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The Chan Zuckerberg Initiative said it would dedicate $3 billion over the next decade towards preventing, curing, and managing all diseases by the end of the century.
"This is about the future we all want for our children," said Mark Zuckerberg, Chan Zuckerburg Initiative co-founder and Facebook co-founder and CEO. "If there is even a chance we can cure disease in our children's lifetime — our children can live happier, healthier lives — we're going to do our part."
Zuckerberg spoke about the organization's new focus at an event on Wednesday, which was livestreamed on his Facebook page. The announcement was made with Chan Zuckerberg Initiative co-founder Priscilla Chan, who is a pediatrician and Zuckerberg's wife.
Chan tearfully spoke about instances where she had to be with families at "the most difficult times of their lives."
"In those moments and in many others we are at the limit of what we understand about the human body and disease, the science of medicine, the limit of disease and suffering, " Chan said. "We want to push back that boundary."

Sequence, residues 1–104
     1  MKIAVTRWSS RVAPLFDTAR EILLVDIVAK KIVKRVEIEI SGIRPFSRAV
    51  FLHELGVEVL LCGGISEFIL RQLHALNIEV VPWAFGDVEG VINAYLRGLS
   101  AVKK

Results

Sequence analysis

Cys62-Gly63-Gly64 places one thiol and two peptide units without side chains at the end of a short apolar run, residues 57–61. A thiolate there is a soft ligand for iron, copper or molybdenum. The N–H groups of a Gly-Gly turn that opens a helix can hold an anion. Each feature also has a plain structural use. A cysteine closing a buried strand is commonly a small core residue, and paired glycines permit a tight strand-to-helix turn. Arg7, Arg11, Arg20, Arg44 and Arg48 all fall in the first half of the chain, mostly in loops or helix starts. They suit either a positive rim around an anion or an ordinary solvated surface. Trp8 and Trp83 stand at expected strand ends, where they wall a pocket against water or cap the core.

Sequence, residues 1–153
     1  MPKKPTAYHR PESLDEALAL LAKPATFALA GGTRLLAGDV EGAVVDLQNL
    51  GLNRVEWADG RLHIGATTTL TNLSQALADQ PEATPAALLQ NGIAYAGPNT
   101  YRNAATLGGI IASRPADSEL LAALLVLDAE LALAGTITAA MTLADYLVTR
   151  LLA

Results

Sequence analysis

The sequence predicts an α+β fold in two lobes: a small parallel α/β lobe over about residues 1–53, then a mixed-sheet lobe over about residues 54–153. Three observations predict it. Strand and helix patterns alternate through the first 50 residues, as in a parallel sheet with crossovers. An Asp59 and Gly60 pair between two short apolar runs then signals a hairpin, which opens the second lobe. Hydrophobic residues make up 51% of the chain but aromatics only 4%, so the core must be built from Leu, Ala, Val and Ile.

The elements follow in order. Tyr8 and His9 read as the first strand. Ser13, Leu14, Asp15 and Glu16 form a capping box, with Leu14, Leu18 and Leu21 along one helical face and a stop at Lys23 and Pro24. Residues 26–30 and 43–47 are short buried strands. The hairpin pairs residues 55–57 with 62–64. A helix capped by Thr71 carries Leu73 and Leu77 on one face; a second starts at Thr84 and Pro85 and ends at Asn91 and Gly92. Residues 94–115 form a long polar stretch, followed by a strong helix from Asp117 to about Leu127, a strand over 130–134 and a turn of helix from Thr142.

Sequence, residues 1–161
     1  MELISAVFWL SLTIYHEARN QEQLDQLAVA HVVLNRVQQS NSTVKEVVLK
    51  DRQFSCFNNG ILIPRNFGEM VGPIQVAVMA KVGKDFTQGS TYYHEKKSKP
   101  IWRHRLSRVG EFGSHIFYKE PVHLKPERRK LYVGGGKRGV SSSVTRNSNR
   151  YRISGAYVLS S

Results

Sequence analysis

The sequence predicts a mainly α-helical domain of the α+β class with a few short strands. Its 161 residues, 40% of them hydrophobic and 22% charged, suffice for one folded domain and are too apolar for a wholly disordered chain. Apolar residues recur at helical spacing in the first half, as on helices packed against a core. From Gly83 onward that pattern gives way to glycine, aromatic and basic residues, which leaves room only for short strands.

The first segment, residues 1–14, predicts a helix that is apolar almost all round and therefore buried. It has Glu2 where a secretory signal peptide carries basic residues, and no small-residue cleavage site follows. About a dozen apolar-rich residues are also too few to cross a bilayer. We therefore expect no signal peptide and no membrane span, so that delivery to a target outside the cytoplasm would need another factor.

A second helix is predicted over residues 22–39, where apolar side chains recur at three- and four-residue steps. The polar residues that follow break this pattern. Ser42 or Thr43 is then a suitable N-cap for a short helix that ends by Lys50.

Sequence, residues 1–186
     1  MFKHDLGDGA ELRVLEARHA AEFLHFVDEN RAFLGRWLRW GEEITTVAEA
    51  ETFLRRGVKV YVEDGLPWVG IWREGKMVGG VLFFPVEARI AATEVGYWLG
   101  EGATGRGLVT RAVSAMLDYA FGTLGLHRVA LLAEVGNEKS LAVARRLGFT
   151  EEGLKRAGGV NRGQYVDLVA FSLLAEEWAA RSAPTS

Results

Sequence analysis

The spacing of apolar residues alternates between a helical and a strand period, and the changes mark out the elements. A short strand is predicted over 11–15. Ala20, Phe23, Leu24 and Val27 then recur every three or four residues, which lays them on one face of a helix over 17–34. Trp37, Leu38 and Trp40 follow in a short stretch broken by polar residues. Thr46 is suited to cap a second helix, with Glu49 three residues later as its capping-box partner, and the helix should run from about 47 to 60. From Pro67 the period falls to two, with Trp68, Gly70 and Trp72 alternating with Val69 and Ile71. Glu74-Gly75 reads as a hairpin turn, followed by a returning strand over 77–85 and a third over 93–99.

The Chan Zuckerberg Initiative was announced in December with the goal of "advancing human potential and promoting equality." It previously has worked towards education, including leading a $24 million series B investment for Andela, which helps train and place African engineers with tech companies, and a $50 million investment in Indian video learning startup Byju this year.
Both Zuckerberg and Chan emphasized that they don't think they will be able to fully eliminate disease. However, they are hopeful that disease prevention can be advanced. If people do fall sick, doctors will be able to diagnose, cure, and treat all illnesses by the end of their daughter Max's lifetime.
To reach the goal, it will be appointing Cori Bargmann as President of Science of Chan Zuckerburg Science. Bargmann, the Torsten N. Wiesel Professor at The Rockefeller University in New York, is a neurologist who helped lead President Barack Obama's BRAIN Initiative to map brain activity and cure brain-related disorders.
Chan Zuckerberg Initiative will also be putting $600 million of the funds towards building a "Biohub" building where researchers at Stanford University, University of Calfornia, Berkeley and University of California, San Francisco will work together to understand and treat disease. The lab will be lead by biochemist Joseph DeRisi, Professor and Chairman of the department of biochemistry and biophysics at the University of California, San Francisco, as well as Stephen Quake, Lee Otterson Professor in at Stanford University's School of Engineering and Professor of bioengineering of applied physics and physics.